MARK: Neither, incidentally, am I, though I disagree with Spengler on a number of counts, and am more inclined, in light of the collapse of Communism in Eastern Europe, to identify experiments in collective living or other significant social changes which may be in store for Western civilization with closer European integration and the development of a federal Europe.However, the real trouble with the West, and particularly England these days, is that it is too negative, shying away from progress and change as from a nightmare or fearsome obstacle.A man like you, who in many respects is too intellectually lucid to be content with the usual welter of platitudinous beliefs and opinions, is virtually doomed to a living death here.

COLIN: I take your point with regard to myself, but I don't entirely agree with your assessment of England, widespread though it tends to be among the more adventurous spirits.This country is by no means the negative place it is often regarded as being.On the contrary, it is precisely the opposite quality which makes it objectionable to you - namely, the fact of its positivity.For it is now resting on its laurels, so to speak, and availing itself of what it has achieved in the past, making the most of its particular stage of civilization.You see, positivity is aligned with passivity, not, as may at first and more naturally appear the case, with activity or doing.It is precisely the latter which is always negative.For it stems from the infernal roots of life in the Cosmos, which constantly seethes with external activity, and there is nothing more negative than stellar energy.Now whereas positivity tends to make for a passive or conservative society, in which revolutionary change is frowned upon as an unwarranted interruption of the experience of being ... compatible with the degree of civilization manifest there, negativity, by contrast, presupposes an active or revolutionary society bent on effecting widespread change, both internally and abroad.Of all the major countries in the world at this juncture in time, Russia is undoubtedly the most negative, the most active, while the Western nations, and Britain and America in particular, remain the most positive, America doubtless more positive than Britain, given its penchant for extremes - a penchant which led Henry Miller to embrace Buddhism, the most being-orientated of all religions, whereas Malcolm Muggeridge was content to avail himself of the blessings of Christianity, which has usually emphasized doing at the expense of being, phenomenal selflessness at the expense of noumenal self.Paradoxically, however, the extremism of America can also mean that, in certain other contexts, there is always more negativity prevailing there than is generally the case in Western Europe, since it is more fiercely Jekyll and Hyde than the latter on account of its 'communistic' culture, of which film is the epitome and effective nature of the 'American dream'.But this fact doesn't detract anything from my contention.For, despite its negativity, America remains committed, through its puritan roots, to dualistic civilization, and can thus be counted among the ever-dwindling number of positive states.It wasn't America that invaded Afghanistan, and the chances are that it won't be America that invades any other country in the near future [This was written some years prior to the Anglo-American invasion of Iraq - author's note].America can only react to invasion, as in relation to Communism in South-East Asia, and it will doubtless continue to do so wherever Western interests are perceived to be under threat, as was the case in the Gulf.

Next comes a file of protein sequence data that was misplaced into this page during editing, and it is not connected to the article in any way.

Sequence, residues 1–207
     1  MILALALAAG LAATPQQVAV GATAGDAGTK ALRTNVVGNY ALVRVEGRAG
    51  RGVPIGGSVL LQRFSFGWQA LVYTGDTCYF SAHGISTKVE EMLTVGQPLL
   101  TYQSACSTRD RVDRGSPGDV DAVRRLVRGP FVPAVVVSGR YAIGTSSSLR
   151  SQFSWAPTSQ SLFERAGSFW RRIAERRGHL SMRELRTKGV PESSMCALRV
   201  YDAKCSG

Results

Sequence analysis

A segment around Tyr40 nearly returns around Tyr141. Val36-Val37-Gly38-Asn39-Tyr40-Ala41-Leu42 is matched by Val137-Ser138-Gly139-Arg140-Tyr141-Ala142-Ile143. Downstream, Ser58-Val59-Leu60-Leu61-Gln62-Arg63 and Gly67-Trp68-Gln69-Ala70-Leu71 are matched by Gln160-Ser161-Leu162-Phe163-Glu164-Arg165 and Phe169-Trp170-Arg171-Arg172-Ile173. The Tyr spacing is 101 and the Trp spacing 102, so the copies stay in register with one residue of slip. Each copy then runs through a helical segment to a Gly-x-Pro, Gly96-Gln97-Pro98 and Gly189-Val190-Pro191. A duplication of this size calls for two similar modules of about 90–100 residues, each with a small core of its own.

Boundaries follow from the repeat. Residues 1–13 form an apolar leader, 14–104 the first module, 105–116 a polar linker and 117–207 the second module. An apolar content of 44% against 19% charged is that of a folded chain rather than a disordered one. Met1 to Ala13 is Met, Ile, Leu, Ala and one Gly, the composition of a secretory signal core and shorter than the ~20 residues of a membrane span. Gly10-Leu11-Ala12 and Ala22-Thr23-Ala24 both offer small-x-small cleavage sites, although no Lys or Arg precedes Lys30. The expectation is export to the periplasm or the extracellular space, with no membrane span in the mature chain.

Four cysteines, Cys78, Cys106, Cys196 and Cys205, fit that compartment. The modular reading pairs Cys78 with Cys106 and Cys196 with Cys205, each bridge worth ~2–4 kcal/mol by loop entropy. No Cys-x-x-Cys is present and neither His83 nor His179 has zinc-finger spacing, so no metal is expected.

MARK: Curiously, I was reading a book by the American journalist Janet Flanner the other day, in which she remarks how, just prior to the Second World War, Europe was fundamentally divided into two camps of conviction - the active Nazi/Fascist camp on the one hand, and the passive Democracies of France and Britain on the other, the former regarding war as a summon bonum, the latter, by contrast, as a summon malum.The Nazi/Fascist camp still had something to achieve, namely the conquest of Europe, whereas the Democracies, having long since passed the belligerent or expansionist phase of their evolution, were content to rest on their laurels, to use your cute phrase.

COLIN: Yes, which simply confirms what I have been saying about the respective natures of positivity and negativity - the former having passive associations, compatible with expiring civilization, and the latter ... active associations, compatible with neo-barbarism.Hitler gambled on overthrowing Western civilization and lost, largely because he made the fatal mistake of taking on a stronger barbaric country in the process.Had he not been so greedy in regard to Nazi ambitions, he might have succeeded in destroying the Democracies, Britain included.But he wanted to destroy the Soviet Union as well, ostensibly because Germans needed more living space but largely, I suspect, because that country harboured an ideology directly alien to his own, a sort of proletarian autocracy no less militarist, in its own fashion, than was the bourgeois autocracy which Hitler forged in reaction to Communism, with himself cast in the role of a sort of Western saviour with Cromwellian, Napoleonic, and Bismarckian ancestry.